By Jerry Mazza
We could say it was the best-known secret in the world that was finally officially revealed, i.e., that Israel has nuclear weapons, despite the US's "policy of ambiguity." Those of you who are really surprised raise your hand.
Nevertheless, a Defense Department study finished last year reveals for the first time in an unclassified report that Israel really is a nuclear power. Actually, it's on page 37 of the US Joint Forces Command report, where the Army claims Israel is within "a growing arc of nuclear powers that runs from Israel in the west through an emerging Iran to Pakistan, India, and on to China, North Korea, and Russia in the east." Is there anybody that doesn't have the bomb? Raise your hand. Sorry.
This reference is much more than the US usually states publicly about Israel, the poster nation of goodness and truth for so many Jewish folk about the globe. Yet the world knew Israel was heavily involved with nuclear weapons before whistleblower and former nuclear technician Mordechai Vanunu, then an orthodox Jew, exposed the facts on its weapons program via a major story with pictures in the London Times.
Vanunu did 18 years in solitary for that. Upon his release in 2004, he spoke to a reporter and was put under house arrest. He is now a Christian, not to mention an incredibly brave man. Read Eileen Fleming's excellent article The Martyrdom of Mordechai Vanunu. The nuclear plant in question was at Dimona in a subterranean basement hidden from sight. The reactor by now is quite old and not particularly safe. But what the hell: in for two-to-four hundred missiles, in for Chernobyl.
Actually, a few years later no less than the New Yorker's star investigative reporter, Seymour Hersh, published the book The Samson Option, which laid out Israel's strategy "of massive nuclear retaliation against Arab states in the event it felt its very existence was threatened." He also mentioned the 200- to 400-missile figure.
Yet Israel has been mum about its nuclear capability, refusing to confirm or deny it. And the US waltzes right along with this dance on the nuclear edge.
Perhaps the real reason for the charade is that by law the US would have to stop providing billions of dollars in foreign aid to Israel every year if we actually said out loud that Israel had a nuclear weapons program, in fact an arsenal of 200 to 400 nuclear missiles. The reason for that is the Symington Amendment, legislation introduced by Stuart Symington, a former Democratic senator from Missouri, and authored to strengthen the US position on nuclear non-proliferation. It was passed in 1976 and bars assistance to any countries developing technology for nuclear weapons proliferation.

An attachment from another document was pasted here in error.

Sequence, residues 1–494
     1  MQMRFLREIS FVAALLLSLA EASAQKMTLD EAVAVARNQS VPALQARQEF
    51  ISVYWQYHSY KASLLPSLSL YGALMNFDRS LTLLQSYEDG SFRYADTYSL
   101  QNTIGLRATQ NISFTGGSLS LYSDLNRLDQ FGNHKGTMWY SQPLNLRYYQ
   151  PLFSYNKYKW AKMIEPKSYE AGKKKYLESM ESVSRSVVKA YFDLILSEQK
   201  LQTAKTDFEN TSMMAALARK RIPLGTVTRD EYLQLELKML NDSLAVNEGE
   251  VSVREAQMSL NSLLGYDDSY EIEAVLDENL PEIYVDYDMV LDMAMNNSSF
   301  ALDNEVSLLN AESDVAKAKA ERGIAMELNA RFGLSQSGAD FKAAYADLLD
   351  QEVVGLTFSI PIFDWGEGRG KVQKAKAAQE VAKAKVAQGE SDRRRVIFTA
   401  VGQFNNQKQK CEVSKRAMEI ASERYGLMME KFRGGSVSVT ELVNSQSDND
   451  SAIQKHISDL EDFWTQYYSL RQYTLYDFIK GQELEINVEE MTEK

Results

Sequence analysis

Given the US's deaf, dumb and blind, see-no, hear-no, say no evil policy when it comes to Israeli nukes, it's most likely that the 2008 Joint Operating Environment report put together by the Army will amount to not much more than a proofreader's wince. Although it should be a shot heard round the world fired as far back as the 1950s when France aided and abetted Israel in the building of the nuclear facility in return for Israeli scientists helping France assemble their own facility.
Thus, the facilitators will most likely carry the day, as usual, while Iran gets bonked daily for building a nuclear facility for power-generating reasons. And now North Korea is testing its own nuclear missiles without anything more than a rhetorical response from the US. Well, the one thing you can't accuse the US of is consistency.
One wonders where President Obama is in the middle of all this and if AIPAC and Rahm Emmanuel are still running Middle Eastern foreign policy.
In fact, the Israeli newspaper Haaretz, whose editor recently proclaimed she was proud to be a Zionist, said in a March 8 article that "It is virtually unheard of for a senior military commander, while in office, to refer to Israel's nuclear status." Haaretz was referring to the fact that "In December 2006, during his confirmation hearings as secretary of defense, Robert Gates, referred to Israel as one of the powers seen by Iran as surrounding it with nuclear weapons." Doth Haaretz protest too much that Gates spoke?
His bad was right for once. But once in office, Gates dodged the bullet and refused to repeat the no-no allusion to Israeli nukes. He said that he had used it when he was a private citizen. Does that mean he doesn't tell the truth now that he's our secretary of defense? Well, play around with that conundrum for a minute or two. And you might want to look at my Online Journal article, Israel's 60 years of nuclear proliferation.